It's the sort of decision that won't be made in quite the same way should legislation to reform the system known as "direct file" be signed into law.
Ocbamichael's crimes are certainly serious, as outlined in the arrest affidavit on view below. On December 20, according to the document, a Denver Police officer responded to a Shell gas station on East Hampden that had just been robbed. He subsequently obtained video surveillance footage that showed a young black male wearing a white hoodie, black jeans and a turquoise bandanna that didn't quite cover the lower half of his face. He packed a handgun with a long barrel and a brown handle.
The cops soon concluded that the star of this scene had appeared in armed robberies at other venues over the preceding several days -- six, in fact, including at a 7-Eleven, where the security system captured what's described as a good quality shot of the suspect's face.
Shortly thereafter, an anonymous tipster fingered Ocbamichael for the crimes -- and after obtaining his pic from the DMV, a witness identified him from a photo lineup. With probable cause established, police arrested Ocbamichael for the crime with his parents present, and he is said to have confessed to committing the robberies.
Why charge Ocbamichael, who turned eighteen in February, as an adult?
"Each decision to charge a juvenile as an adult is made based on the specific facts of each individual case," notes Denver DA's office spokeswoman Lynn Kimbrough, corresponding via e-mail. "The decision to charge Ocbamichael as an adult was based on many factors, including the nature of the crime (armed robbery with a weapon), the extent of the crime (a series of armed robberies, sometimes two in a day), his age at the time (17, just a few months shy of being 18), and whether in light of all the circumstances the juvenile system or the Youthful Offender System has the more appropriate resources. It was determined that charging him as an adult would be more appropriate."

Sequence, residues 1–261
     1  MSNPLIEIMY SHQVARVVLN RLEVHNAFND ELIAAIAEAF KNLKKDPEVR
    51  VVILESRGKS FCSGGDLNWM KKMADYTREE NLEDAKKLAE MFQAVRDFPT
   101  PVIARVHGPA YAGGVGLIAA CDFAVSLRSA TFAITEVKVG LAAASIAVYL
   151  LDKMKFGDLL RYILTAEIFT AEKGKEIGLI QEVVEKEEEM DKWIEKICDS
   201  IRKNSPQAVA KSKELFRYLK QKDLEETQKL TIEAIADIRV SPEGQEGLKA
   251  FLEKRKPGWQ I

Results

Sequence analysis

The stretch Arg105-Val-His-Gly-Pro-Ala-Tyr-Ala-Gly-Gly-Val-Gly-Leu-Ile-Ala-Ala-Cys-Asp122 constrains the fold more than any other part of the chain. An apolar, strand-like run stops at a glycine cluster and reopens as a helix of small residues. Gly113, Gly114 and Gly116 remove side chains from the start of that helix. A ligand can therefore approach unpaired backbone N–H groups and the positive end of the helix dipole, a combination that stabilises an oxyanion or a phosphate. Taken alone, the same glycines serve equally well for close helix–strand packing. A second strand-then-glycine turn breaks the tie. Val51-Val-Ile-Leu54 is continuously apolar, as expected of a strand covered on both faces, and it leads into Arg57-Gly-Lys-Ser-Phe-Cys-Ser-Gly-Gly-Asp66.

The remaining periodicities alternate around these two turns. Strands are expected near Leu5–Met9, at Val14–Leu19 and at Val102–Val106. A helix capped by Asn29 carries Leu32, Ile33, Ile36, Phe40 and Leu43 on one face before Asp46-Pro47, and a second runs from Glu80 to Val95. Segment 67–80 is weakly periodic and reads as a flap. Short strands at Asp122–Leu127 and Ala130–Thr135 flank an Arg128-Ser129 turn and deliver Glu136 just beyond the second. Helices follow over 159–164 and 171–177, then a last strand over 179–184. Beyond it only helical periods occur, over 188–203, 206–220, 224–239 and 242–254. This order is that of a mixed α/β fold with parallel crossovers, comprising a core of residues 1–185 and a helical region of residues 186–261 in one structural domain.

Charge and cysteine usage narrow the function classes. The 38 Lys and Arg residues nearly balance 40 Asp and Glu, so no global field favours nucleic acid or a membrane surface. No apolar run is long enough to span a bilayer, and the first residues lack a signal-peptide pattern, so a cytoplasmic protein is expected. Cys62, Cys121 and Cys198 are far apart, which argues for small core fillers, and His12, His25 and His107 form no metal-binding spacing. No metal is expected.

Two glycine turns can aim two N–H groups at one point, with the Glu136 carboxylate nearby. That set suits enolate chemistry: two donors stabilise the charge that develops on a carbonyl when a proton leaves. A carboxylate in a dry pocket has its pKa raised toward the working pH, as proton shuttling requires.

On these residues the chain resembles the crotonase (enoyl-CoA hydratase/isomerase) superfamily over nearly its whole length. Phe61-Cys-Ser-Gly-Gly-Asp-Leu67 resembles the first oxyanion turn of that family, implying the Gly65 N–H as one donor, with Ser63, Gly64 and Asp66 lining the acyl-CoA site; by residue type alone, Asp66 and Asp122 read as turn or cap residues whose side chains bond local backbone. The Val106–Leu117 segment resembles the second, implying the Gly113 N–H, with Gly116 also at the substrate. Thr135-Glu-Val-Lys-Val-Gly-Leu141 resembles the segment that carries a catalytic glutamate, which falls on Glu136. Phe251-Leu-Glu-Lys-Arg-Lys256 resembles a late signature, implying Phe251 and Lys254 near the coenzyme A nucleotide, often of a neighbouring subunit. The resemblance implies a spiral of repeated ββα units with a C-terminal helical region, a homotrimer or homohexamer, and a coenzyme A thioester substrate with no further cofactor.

Such conclusions have become the subject of much debate in these parts. As Alan Prendergast reported last month, Colorado is one of just four states where DA's can charge juvies between the ages of fourteen and seventeen without justifying the action in a judicial hearing. The process is called direct file, and it was passed following a 1993 crime wave that became known as the "Summer of Violence."
Does it work? "Re-Directing Justice," a report from the Colorado Juvenile Defender Coalition, maintains that in many instances, it doesn't. "Contrary to what lawmakers intended, the direct-file law has done little to deter juvenile crime," the authors conclude. "A large body of research shows that prosecuting children as adults makes it less likely they'll be rehabilitated and become productive members of society. The departure from juvenile treatment is damaging kids, creating redundancies in state services, and jeopardizing community safety."
In his post, Prendergast points to House Bill 1271, a proposal that "limits the range of crimes that can be direct filed into adult court to the most serious violent offenses, such as murder and rape." And the legislation has cleared two significant hurdles. The Colorado Statesman reports that despite passionate debate on either side, the measure recently passed the Senate after previously winning House approval. That means the only thing standing between it and becoming Colorado law is Governor John Hickenlooper's signature.
Should he sign, district attorneys in cases like Ocbamichael's will have to go through a judicial hearing before being able to decide that accused offenders should be treated as adults.
Here's a larger look at Ocbamichael's mug shot, followed by the aforementioned arrest affidavit.
Follow and like the Michael Roberts/Westword Facebook page.
More from our Follow That Story archive: "Juveniles prosecuted as adults: Colorado's hardline approach not working, report says."